‘There were many occasions to dress up and have a party. New members were welcomed at an inauguration dinner. There was a grand ball every year, the so-called Diesball, and every five years we had another party.
If you were in a relationship with a girl, you took her to the ball; those who didn’t have a girlfriend still had to bring a date. These girls had to dress for the occasion and we were supposed to buy them a corsage. I remember buying my tails at Peek & Cloppenburg.
‘In the amateur theatrical union we were quite avant garde by choosing plays by playwrights like Eugène Ionesco and Arthur Adamov. In 1968 we presented ‘The Memorandum’ by Václav Havel, then not yet so well known.
When I was staying in München for my studies, I travelled to Czechoslovakia because I wanted to meet with Havel. I came as far as the village where he was believed to be staying in a summer house when the Soviet tanks entered Prague. I had to return and it took some time and trouble to get back to The Netherlands.’
‘Being on the HSV board landed me in very special company. The wedding of Princess Beatrix was to take place in March 1966 and a National Gift was to be presented to mark the occasion. A fundraising committee was needed. The Hague wanted to break with the tradition of engaging older, posh gentlemen for this task, so they looked for a woman, a trade union member and a younger person. During the sixties many younger people were considered to be long- haired, work-avoiding scum and of course that was not the type of person the authorities were looking for.
So they turned to the HSV to look for a decent young man and that young man turned out to be me. This aroused opposition from the republican faction within the HSV that didn’t want to be represented, so I became a committee member in a private capacity. At the end of the committee’s activities I was invited to attend a special theatre performance on the day the Princess and her future husband had their banns read.’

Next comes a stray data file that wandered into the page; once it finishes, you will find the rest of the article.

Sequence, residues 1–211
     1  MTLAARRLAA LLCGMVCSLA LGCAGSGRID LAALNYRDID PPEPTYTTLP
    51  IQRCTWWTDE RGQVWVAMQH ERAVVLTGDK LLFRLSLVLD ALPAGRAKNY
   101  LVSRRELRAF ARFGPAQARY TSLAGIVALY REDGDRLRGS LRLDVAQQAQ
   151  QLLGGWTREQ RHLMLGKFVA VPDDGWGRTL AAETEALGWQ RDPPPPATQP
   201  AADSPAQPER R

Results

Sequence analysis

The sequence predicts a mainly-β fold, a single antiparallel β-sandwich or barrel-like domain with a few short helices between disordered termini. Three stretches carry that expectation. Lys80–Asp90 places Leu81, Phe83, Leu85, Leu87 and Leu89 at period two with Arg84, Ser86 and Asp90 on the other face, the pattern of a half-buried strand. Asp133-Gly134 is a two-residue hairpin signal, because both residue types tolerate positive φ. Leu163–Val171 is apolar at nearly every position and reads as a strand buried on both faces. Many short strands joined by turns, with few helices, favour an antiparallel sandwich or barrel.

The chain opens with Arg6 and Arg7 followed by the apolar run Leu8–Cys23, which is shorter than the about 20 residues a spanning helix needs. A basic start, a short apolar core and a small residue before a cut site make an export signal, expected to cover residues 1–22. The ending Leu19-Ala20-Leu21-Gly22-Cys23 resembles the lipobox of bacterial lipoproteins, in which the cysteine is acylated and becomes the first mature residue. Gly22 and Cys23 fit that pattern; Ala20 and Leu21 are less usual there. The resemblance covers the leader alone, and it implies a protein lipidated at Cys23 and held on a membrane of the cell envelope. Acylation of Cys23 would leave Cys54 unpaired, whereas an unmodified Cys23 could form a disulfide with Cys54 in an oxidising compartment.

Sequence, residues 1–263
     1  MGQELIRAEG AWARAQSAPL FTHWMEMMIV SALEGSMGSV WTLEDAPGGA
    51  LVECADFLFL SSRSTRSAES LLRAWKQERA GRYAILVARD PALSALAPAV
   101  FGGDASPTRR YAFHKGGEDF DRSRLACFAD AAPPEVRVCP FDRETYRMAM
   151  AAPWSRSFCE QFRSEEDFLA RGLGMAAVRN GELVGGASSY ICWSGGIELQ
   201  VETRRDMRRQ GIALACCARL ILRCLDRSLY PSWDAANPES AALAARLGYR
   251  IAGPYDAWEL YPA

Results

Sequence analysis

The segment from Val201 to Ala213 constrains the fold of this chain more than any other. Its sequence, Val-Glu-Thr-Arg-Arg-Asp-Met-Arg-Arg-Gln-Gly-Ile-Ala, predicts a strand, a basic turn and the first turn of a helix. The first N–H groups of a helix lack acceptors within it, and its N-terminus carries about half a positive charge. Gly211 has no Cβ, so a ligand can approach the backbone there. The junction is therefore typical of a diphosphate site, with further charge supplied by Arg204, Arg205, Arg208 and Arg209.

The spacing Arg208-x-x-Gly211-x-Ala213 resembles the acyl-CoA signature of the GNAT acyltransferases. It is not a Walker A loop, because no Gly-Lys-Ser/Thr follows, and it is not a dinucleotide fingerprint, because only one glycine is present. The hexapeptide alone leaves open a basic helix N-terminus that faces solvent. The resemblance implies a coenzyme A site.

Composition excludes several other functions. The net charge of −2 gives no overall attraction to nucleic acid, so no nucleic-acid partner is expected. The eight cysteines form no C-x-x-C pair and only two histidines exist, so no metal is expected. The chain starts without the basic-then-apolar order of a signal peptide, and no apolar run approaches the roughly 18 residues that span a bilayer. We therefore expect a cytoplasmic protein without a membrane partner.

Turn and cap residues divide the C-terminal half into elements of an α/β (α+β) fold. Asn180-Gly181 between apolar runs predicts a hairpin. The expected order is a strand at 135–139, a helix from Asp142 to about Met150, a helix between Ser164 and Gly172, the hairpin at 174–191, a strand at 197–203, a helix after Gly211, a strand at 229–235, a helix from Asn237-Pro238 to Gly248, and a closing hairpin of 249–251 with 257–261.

‘Apparently my name stayed on the notice list of royal occasions, because a year later I received an invitation to the church ceremony for the wedding of Princess Margriet. I needed a morning coat for this occasion and decided to buy one rather than go to a rental firm.
In those days you had to wear a morning coat at your graduation and I expected to get wed some day or be a best man at someone else’s wedding.So I calculated that it was worthwhile to invest in a morning coat of my own, be it a second-hand one. I was a bit disappointed when the event proved to be a church ceremony only — without any food and drinks. ‘
The HSV today
‘‘Of course the union is different from what it was in my days. The Haagsche Studenten Vereeniging has kept up with the times. Since 1969 women have been able to become members, and in the early ’90’s the union also welcomed students from the institutes of higher professional education (HBO). At first their number were restricted to 20% of the total number of members, but in 1994 this restriction was lifted. Of the sub unions only the HSSK – the shooting club – still exists, although no longer associated with HSV.
After WWII the tradition of a yearly reunion dinner was born. In 1996 I was one of the organizers and by doing a lot of research we were able to invite around 600 former members. There is now an Alumni Union of the HSV, organizing yearly events and keeping the contact alive between alumni and the Haagsche Studentenvereening of today.’
All pictures are kept in Fred Andrioli’s personal archive. The photos are made by members of the HSV.
If you want to learn more about these interesting details of the history of The Hague, then book a City Walk with me!